Categories
Resistances

‘Invisible Women’

For every Feride in Moria who speaks and her voice is not heard, 

for every Eleni in Mytilene whose life is ignored, 

for every woman in the world trying to find a place.  

 

We women are screaming for freedom 

but they silence us using every form of violence. 

We’re tired of hiding, 

We’re tired of being scared, 

for our bodies, our children. 

We’re tired of hearing about another female homicide, 

From men to patriarchy 

From bosses to capitalism.  

 

Our sisters, 

it’s time for our voices to be heard 

it’s time to fight & 

to claim our rights.

For everyone in this world, 

for all of us, 

For life! 

Viva!

(Invisible Women Manifesto)


‘Invisible Women’ is an initiative that sprang from the research team ‘Invisible Cities’ of the Department of Geography of the University of the Aegean, which includes women living or passing through Lesvos (many of them are no longer on the island).

Its original purpose was to respond to the call of Zapatista women for the Second International Conference of Women Fighting in Chiapas, Mexico in early December 2019. It was decided to send a video recording the speech of women who have been, or are trapped, in the hot spot of Moria as well as their actions against the homicides in the Aegean islands.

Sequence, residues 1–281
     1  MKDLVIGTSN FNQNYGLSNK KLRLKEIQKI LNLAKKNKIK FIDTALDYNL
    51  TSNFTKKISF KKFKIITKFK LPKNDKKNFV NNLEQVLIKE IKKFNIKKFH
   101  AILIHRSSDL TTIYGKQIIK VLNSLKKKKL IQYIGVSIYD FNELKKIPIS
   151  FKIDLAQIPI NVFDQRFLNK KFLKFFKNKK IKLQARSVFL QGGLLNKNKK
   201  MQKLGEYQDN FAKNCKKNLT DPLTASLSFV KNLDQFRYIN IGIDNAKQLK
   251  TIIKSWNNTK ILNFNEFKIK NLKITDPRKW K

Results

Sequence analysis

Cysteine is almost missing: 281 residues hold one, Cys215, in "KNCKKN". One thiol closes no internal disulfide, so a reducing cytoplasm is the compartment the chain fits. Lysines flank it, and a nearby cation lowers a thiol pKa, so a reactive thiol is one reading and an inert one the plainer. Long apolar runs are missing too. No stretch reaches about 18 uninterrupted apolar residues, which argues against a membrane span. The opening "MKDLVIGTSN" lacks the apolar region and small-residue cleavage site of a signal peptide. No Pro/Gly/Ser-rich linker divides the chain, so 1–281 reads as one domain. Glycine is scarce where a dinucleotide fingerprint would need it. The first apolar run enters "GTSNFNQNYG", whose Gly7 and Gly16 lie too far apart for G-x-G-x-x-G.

As part of the implementation of the video, meetings were held to discuss the call of the Zapatistas, an action of collecting voices, images and theatrical proposals and an action of joint creation of a mosaic-mural, in collaboration with Mosaik’s reuse laboratory. The process of reusing materials that seemingly are considered waste, in addition to covering real needs on the island, is highly symbolic as ‘a lot of human lives in Lesvos are characterised as ‘waste’. Therefore, changing the meaning of materials through their reuse becomes analogous to making visible women from every corner of the globe.

The video was prepared and traveled virtualy in the city of Mexico, where it was received by the Geobrujas team, which, through a convoy of 400 women on a 22-hour journey to the jungle of Lacandona, handed it over to the Zapatistas. The video sparked the opening of a communication channel with Mexican feminist collectives, a process that is still ongoing.

Violeta Dimitrakopoulou & Naya Tselepi


Photos by:
Violeta Dimitrakopoulou